To be fair, it wasn't just Python's fault. The people that coded the original scripts were the type that think they can code in Python because they've skimmed through a few chapters of "Learning Python".

        1. Blank Reg

          Bad programmers can make any code in any language on any platform inefficient

      4. Stuart Castle Silver badge

        Requirements for faster hardware and more RAM don't necessarily come from inefficient code. Sometimes people's needs do change, and sometimes those changes do require more hardware resources.

        That said, unless you are dealing with a *lot* of text (and I'm talking tens of millions of pages here, so way beyond the needs of 99% of people) and absolutely need it to be in RAM and not streamed from disk, 8GB of RAM is excessive .

        As for Java, while I use it if I need to, I am not a fan. I think Java can be massively inefficient, as you point out. It's always felt like it's a nice idea, but it feels a bit like something you might design if you wanted to copy C++ but not really. I also don't like the idea of having to include hundreds of meg of runtime for a small app that should be a few hundred K.

    3. katrinab Silver badge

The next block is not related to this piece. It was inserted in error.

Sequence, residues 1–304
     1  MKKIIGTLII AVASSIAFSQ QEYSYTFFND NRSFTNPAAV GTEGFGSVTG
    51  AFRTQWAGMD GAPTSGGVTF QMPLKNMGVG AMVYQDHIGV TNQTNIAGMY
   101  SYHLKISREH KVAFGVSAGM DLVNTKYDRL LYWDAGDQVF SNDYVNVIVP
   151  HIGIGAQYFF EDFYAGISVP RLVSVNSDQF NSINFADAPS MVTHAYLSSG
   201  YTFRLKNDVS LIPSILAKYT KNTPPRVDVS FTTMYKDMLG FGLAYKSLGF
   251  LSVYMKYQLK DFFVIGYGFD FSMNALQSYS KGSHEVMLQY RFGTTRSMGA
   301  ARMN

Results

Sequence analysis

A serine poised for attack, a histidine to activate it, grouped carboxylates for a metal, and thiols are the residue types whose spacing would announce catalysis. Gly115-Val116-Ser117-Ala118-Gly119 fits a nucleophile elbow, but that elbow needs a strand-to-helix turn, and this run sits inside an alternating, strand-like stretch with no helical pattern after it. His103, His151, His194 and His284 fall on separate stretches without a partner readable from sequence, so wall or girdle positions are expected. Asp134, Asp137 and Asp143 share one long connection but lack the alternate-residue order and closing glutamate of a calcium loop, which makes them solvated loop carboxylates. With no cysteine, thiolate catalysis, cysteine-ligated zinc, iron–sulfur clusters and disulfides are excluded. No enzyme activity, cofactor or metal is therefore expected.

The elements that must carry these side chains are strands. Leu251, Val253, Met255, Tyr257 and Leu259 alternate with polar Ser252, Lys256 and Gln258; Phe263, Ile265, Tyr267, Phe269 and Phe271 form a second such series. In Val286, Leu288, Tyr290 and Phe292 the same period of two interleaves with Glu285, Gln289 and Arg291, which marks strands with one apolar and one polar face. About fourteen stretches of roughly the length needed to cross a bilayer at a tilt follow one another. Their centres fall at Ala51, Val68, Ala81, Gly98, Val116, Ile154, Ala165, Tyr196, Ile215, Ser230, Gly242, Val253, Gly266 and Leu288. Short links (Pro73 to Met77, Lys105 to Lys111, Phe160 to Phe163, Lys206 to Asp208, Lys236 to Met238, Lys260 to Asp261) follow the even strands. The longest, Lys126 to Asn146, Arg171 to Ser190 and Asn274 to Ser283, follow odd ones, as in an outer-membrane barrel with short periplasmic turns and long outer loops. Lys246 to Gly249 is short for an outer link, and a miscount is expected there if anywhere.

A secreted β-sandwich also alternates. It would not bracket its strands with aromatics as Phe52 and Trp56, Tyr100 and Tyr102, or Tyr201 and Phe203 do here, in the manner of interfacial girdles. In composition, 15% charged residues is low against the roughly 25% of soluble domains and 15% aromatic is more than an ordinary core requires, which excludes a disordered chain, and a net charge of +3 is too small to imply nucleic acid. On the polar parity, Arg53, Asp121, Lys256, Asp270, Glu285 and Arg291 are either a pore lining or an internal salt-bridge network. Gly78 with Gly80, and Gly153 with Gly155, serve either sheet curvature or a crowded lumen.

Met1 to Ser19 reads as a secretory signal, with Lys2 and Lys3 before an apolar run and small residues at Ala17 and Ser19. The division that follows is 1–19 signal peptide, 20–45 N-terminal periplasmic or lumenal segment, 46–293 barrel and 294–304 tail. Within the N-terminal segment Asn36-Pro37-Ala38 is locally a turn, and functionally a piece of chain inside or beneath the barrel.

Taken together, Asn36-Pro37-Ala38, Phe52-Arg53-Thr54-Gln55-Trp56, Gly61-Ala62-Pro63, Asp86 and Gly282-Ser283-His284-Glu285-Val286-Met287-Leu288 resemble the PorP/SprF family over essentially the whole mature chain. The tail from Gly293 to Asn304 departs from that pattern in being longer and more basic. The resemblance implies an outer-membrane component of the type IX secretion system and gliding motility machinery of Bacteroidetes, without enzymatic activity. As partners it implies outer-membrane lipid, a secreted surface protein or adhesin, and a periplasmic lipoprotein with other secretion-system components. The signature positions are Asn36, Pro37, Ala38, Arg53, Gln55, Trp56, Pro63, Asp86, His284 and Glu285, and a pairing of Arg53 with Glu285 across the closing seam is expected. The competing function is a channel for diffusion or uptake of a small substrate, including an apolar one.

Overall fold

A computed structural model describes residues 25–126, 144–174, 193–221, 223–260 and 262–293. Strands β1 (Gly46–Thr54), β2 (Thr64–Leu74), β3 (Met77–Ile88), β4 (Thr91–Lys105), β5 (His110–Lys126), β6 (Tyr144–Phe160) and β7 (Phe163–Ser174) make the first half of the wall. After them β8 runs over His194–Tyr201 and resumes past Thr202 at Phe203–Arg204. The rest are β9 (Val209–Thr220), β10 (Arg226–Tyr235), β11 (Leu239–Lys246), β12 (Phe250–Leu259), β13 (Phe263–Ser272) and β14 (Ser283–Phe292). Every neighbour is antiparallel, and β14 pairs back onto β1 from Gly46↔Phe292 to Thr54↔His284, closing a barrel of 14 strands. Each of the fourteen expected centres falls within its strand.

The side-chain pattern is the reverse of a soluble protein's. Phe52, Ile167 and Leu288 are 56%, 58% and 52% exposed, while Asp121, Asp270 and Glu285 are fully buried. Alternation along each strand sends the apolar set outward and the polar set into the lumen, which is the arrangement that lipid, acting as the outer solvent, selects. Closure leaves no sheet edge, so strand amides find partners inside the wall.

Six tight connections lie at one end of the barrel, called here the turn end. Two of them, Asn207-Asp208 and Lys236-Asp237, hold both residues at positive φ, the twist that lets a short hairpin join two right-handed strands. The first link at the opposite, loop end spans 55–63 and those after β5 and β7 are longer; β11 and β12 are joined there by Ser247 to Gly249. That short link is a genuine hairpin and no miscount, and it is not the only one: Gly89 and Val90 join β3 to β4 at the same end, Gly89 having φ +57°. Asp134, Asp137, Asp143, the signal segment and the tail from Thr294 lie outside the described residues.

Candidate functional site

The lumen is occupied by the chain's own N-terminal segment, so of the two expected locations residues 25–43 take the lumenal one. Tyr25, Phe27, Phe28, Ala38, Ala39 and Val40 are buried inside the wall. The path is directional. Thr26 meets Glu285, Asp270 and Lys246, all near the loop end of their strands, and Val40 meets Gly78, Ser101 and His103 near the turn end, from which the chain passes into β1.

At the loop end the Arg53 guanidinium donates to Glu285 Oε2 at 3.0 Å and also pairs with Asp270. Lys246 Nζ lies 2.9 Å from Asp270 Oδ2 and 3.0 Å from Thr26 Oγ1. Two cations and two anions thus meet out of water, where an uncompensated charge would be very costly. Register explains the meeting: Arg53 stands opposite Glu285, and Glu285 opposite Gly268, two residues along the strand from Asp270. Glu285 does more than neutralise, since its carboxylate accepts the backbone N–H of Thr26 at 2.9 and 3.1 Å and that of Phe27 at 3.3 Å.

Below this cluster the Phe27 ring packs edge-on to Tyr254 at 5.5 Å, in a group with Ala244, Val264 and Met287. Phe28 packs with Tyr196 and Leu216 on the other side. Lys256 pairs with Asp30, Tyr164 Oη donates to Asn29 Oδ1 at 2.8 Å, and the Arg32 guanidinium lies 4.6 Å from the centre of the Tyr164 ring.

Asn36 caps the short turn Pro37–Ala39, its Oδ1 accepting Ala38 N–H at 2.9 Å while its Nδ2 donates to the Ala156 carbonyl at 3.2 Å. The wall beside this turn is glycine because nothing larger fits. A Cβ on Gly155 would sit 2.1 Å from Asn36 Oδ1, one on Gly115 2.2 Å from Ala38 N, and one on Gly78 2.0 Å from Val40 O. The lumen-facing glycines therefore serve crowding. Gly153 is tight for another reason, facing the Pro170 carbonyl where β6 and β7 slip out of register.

Black Helicopters

      Arduinos are waaaaaaaaaaaaaaaaaaaaaaaaaaay too fast.

      The fastest chip they could get is a 286, but it would have to be an Intel one, not one of the faster AMD variants that came later.

      Compared to chips from that era, Arduinos are in world's fastest supercomputer territory.

  3. bpfh
    Trollface

    Not sure about Doom

    That was rough on a 33mhz, and acceptable on a 40. Maybe Castle Wolfenstein 3D? That worked well on a 286. Putin would like that, given his obsessions with Nazis

    1. Anonymous Coward
      Anonymous Coward

      RUN HE IS BEHIND YOU

      3D Monster Maze on the ZX81 ought to be safe.

      Putin can pretend that Rex is a Nazi or something and parrot that line on state TV...

  4. Anonymous Coward
    Anonymous Coward

    meanwhile in Russia...

    they announced, today, a NEW! RUSSIAN! laptop, yeah baby!!! I only caught the end of the news, something about 1.5Ghz processor ('Baikal', if I caught it right), up to 16Gb ram (presumably Russian-grown), 512Gb hdd (Russian-built). Presumably with all-Russian linuxky OS. To be released in autumn. This year.

    p.s. yes, I'm pretty sure it _will_ come with a screen and keyboard (both Russian-made).

    1. Anonymous Coward
      Anonymous Coward

      Re: meanwhile in Russia...

      Meanwhile in the real world…

      Neither “announcements” nor vapourware produce meaningful output. Good luck with your new laptop, hopefully it arrives before you’re shipped off to the front to die for an old man’s ego and delusions of empire.

      1. Yet Another Anonymous coward Silver badge

        Re: meanwhile in Russia...

        >to die for an old man’s ego and delusions of empire.

        But they definitely had weapons of mass destruction and could use them in 45mins.

        Anyway ‘We Will, In Fact, Be Greeted As Liberators’

        1. johnfbw

          Re: meanwhile in Russia...